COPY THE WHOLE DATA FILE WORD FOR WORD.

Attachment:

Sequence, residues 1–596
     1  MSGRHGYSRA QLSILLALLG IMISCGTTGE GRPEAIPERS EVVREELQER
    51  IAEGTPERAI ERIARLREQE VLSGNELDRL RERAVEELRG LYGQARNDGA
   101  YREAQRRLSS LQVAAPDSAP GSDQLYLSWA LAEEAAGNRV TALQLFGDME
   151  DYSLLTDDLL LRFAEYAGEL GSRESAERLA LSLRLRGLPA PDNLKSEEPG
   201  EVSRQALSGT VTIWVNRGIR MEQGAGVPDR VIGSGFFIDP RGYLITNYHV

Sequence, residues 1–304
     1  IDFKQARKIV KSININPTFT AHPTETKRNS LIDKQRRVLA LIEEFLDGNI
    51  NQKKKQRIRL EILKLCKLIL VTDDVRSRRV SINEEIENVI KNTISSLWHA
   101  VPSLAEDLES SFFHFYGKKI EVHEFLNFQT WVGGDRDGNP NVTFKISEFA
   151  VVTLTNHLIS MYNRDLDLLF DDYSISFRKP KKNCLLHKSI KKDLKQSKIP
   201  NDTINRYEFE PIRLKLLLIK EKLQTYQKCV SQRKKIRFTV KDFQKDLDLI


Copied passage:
Sequence, residues 1–596
     1  MSGRHGYSRA QLSILLALLG IMISCGTTGE GRPEAIPERS EVVREELQER
    51  IAEGTPERAI ERIARLREQE VLSGNELDRL RERAVEELRG LYGQARNDGA
   101  YREAQRRLSS LQVAAPDSAP GSDQLYLSWA LAEEAAGNRV TALQLFGDME
   151  DYSLLTDDLL LRFAEYAGEL GSRESAERLA LSLRLRGLPA PDNLKSEEPG
   201  EVSRQALSGT VTIWVNRGIR MEQGAGVPDR VIGSGFFIDP RGYLITNYHV

Sequence, residues 1–304
     1  IDFKQARKIV KSININPTFT AHPTETKRNS LIDKQRRVLA LIEEFLDGNI
    51  NQKKKQRIRL EILKLCKLIL VTDDVRSRRV SINEEIENVI KNTISSLWHA
   101  VPSLAEDLES SFFHFYGKKI EVHEFLNFQT WVGGDRDGNP NVTFKISEFA
   151  VVTLTNHLIS MYNRDLDLLF DDYSISFRKP KKNCLLHKSI KKDLKQSKIP
   201  NDTINRYEFE PIRLKLLLIK EKLQTYQKCV SQRKKIRFTV KDFQKDLDLI